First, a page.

Phil Libin, founder and CEO of Evernote, was one of the guest speakers during Silicon Valley Comes to Oxford which was hosted at Oxford’s Said Business School a fortnight ago.
As part of the conference there was a debate held at the Oxford Union, the world’s oldest debating society, the motion being “This House Believes that Humanity’s Augmentation with Technology Creates a Better World”.
The debate was a heated one, and Libin was a speaker for the proposition.
In making the case for technological progress in general (as you would expect from a tech founder), and for human augmentation in particular, Libin argued that “[t]he upsides of making people better and making people smarter will far outweigh the downsides.”
At the same time he was quick to acknowledge that some of the potential risks associated with human augmentation are likely to come true, and we will need to be prepared to minimise and mitigate these risks.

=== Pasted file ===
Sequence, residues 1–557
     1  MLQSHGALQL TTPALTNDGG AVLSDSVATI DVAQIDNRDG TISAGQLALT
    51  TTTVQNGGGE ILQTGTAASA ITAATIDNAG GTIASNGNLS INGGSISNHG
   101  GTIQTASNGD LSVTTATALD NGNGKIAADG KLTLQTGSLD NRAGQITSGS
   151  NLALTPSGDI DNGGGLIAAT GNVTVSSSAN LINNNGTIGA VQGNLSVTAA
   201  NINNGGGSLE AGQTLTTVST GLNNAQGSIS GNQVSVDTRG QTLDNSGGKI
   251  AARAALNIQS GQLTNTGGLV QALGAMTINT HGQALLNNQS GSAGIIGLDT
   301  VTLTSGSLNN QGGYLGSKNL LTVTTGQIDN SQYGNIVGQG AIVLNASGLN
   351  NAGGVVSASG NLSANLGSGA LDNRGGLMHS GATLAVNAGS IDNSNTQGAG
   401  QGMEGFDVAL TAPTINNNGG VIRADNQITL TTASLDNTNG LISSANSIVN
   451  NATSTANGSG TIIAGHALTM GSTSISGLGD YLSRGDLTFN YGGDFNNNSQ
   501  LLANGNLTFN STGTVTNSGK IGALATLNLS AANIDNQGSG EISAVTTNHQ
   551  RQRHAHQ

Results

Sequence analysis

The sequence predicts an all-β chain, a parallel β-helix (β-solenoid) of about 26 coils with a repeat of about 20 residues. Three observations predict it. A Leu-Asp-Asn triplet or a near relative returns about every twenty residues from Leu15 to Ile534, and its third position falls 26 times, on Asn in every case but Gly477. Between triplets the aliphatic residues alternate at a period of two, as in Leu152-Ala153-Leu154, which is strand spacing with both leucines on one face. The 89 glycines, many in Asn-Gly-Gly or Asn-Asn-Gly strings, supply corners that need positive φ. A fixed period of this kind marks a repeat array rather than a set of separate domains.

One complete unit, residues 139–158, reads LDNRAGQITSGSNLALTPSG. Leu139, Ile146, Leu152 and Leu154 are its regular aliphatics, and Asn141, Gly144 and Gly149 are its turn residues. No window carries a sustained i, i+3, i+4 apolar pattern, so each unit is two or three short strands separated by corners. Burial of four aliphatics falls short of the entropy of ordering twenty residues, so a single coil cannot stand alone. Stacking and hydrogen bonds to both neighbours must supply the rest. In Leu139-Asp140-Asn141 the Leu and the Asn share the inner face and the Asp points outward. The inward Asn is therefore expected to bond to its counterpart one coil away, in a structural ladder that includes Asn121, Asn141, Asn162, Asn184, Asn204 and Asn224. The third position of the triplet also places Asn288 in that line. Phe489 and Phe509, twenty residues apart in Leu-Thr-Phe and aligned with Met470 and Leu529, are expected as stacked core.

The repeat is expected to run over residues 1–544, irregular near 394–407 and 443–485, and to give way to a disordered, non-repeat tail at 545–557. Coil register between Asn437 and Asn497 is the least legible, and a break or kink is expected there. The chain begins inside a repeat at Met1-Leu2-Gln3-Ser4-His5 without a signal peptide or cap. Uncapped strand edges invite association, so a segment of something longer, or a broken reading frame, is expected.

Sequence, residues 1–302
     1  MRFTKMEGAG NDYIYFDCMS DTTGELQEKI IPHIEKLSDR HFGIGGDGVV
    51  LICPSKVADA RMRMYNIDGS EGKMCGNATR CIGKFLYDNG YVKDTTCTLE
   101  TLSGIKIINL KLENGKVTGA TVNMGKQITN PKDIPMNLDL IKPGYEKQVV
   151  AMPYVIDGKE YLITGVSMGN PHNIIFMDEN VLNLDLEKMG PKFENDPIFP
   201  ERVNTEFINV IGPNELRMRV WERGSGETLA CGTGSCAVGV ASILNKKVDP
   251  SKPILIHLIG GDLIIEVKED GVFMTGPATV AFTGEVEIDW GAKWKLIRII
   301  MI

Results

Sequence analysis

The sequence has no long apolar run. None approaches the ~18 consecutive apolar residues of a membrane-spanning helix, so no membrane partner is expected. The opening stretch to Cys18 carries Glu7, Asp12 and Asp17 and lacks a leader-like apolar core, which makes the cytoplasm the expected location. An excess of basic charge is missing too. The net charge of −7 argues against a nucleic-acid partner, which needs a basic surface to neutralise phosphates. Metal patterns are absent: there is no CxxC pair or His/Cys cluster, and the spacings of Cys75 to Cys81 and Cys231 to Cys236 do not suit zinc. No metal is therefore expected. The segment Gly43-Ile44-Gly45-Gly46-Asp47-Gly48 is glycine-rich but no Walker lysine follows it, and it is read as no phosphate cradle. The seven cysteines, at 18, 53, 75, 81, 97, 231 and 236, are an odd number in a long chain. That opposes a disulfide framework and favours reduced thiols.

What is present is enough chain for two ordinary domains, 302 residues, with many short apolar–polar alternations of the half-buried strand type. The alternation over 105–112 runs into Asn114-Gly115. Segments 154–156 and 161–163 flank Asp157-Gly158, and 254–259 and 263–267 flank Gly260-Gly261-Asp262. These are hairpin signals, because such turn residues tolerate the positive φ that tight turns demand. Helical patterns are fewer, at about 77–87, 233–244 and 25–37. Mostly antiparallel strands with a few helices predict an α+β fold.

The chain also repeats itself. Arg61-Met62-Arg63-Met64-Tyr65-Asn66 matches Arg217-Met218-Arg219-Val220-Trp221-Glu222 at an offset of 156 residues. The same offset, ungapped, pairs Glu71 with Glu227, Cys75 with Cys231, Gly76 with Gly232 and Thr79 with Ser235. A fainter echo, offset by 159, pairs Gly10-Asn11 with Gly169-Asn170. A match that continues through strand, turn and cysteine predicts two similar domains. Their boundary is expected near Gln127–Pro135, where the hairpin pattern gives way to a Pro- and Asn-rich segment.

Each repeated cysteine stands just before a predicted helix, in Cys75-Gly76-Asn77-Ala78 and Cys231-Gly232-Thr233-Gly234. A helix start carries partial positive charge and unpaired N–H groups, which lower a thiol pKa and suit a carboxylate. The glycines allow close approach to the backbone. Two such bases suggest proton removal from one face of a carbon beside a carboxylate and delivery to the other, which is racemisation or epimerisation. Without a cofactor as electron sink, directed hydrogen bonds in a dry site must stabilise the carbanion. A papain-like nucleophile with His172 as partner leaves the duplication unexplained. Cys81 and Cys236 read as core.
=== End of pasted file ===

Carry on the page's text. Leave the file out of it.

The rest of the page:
These risks were variously acknowledged to include (a) the creation of an unrivalled and potentially immortal tech elite, (b) the creation of artificial intelligence which has been characterised by Stephen Hawkings and Elon Musk as a technology with extreme downside risks, and (c) the creation of greater inequality worldwide since only the wealthy will be able to purchase augmentation technology in the early stages, and so they may gain a self-sustaining advantage over everybody else.
In response to the risks outlined by the opposition team including their references to Murphy’s law, Libin proposed a law of his own.
“The opposition talk very intelligently about Murphy’s Law … but there’s an alternative to Murphy’s Law, which I’d like to propose here. In fact, I would very much like from here on out, for this to be known as Libin’s Law … It’s the combination of Murphy’s Law and Moore’s Law. It says that the number of things that go wrong will roughly double every year and it’s for this reason that we need technology and that we need augmentation.”
Whether it be artificial intelligence, or some other form of existential threat like climate change or nuclear proliferation, are you inclined to agree with Phil Libin? Do we need to augment humanity in order to protect and save it from these escalating risks?